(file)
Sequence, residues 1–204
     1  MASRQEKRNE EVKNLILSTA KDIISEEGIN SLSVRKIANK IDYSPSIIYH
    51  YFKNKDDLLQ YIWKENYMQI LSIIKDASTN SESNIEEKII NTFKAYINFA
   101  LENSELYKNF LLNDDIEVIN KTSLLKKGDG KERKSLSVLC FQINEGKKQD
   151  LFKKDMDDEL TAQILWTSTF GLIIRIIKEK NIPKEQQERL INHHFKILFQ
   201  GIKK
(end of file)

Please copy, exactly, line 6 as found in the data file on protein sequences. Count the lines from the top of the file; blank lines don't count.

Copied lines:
   201  GIKK